Wednesday, April 20, 2011
Mental Health and Aging
My mom recently was in the hospital after having an asthma attack as well as pneumonia. It had me thinking about what I'd have to do become a care giver. Other than faulty lungs and poor hearing, traits I managed to inherit, she's in relatively good health, so I'm probably a few years away from that just yet. At 60 she still drives, works and of course helps care for my 7 month old nephew. But, some of her older colleagues suffer from mental decline by forgetting to come over for dinner, confusing names of people and dementia.
The following article is from the Canadian Mental Association. It's definitely a good reminder of things we can do for each other as a family.
The changing picture of aging
People today live longer than ever before. Most of us will spend nearly one third of our life as "retirees" or "senior citizens." Four or even five-generation families are no longer unheard of.
But as we live longer, the chances grow that we will some day need help caring for ourselves. Today, many adult daughters and sons find themselves called upon to help care for their aging parents. The commitment they have to make may be for a short time or it may last for years. It changes the roles, responsibilities and feelings within the family and can be complicated and confusing.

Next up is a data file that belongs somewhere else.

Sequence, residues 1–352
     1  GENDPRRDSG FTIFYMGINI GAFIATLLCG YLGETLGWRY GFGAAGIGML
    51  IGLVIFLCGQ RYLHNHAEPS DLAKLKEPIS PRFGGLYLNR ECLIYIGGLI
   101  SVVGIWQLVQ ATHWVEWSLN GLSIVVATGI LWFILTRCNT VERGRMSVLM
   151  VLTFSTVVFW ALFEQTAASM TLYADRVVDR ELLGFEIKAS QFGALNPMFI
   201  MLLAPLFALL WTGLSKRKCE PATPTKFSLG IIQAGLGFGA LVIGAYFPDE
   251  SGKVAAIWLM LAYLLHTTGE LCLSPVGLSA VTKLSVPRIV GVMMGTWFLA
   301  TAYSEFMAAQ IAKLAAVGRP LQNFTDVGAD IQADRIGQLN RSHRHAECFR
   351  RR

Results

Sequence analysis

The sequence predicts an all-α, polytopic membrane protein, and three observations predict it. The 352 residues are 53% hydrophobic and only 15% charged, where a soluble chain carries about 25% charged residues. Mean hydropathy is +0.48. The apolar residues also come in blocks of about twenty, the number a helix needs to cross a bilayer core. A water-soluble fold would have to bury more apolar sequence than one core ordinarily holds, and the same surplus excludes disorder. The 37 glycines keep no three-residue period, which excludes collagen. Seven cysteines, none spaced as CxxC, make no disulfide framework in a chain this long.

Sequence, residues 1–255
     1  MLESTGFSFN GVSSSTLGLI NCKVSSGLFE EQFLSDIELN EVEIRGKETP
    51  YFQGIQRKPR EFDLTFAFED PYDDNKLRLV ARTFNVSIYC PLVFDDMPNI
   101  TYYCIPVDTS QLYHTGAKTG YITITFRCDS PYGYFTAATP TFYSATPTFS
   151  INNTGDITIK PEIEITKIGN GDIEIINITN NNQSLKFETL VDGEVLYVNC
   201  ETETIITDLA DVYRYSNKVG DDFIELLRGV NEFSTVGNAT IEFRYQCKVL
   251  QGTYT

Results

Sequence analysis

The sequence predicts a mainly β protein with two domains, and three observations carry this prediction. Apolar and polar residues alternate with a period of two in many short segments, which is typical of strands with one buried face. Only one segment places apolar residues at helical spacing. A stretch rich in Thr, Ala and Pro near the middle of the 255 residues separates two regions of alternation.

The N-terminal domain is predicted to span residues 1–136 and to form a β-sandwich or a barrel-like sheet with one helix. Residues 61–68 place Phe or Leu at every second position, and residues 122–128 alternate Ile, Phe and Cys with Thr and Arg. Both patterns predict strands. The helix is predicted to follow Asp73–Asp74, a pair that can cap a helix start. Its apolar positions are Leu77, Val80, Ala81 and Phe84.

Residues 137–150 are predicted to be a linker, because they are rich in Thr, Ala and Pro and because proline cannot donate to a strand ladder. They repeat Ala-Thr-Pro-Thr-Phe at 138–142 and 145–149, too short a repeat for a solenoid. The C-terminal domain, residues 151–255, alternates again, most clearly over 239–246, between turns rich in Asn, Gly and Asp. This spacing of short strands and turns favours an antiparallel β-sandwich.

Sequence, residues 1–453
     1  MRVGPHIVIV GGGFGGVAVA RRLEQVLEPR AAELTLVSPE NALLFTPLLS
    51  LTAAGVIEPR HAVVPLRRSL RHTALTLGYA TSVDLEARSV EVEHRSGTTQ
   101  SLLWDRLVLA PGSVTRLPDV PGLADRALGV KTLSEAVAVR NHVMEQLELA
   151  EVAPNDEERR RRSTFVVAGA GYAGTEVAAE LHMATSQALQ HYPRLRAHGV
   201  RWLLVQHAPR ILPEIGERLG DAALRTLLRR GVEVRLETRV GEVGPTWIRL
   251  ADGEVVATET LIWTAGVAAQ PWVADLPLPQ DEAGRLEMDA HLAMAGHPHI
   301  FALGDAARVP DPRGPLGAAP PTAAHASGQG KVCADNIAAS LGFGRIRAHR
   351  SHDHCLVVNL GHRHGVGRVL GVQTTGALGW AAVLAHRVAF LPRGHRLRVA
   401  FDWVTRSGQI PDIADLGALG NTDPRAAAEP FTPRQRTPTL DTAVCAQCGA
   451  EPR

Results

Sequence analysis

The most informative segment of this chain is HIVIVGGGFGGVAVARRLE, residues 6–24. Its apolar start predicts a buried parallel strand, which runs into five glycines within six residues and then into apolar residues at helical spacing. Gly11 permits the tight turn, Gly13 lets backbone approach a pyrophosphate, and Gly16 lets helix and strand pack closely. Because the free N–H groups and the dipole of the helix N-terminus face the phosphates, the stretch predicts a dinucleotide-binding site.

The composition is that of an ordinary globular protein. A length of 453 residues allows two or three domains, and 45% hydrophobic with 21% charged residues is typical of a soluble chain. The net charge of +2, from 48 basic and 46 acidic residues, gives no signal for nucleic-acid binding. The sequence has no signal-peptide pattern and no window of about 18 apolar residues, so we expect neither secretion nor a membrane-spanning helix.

How to keep the quality in family relationships
At the same time, caring for an aging parent can also benefit the family. It can bridge the gaps among generations. Family support systems can be strengthened as members learn to prepare themselves for their own aging. How can you get the best out of this new relationship?
- Encourage without giving advice. Advice from adult sons and daughters is a tricky proposition and best avoided unless you are sure it has been asked for. It is generally better to let an outside person be the advisor.
- Accept differences of opinions, values, habits, likes and dislikes between you and your parents. There is often a "generation gap" between parents and children, regardless of how old they are. Respect these differences.
- Keep humour and fun alive in the family. A shared laugh can do wonders to ease tension, build closeness, and even improve health.
- Recognize that grandchildren and grandparents may have a special relationship. If neither has the burden of responsibility for the other, they are free to enjoy each other's company and share ideas and experiences.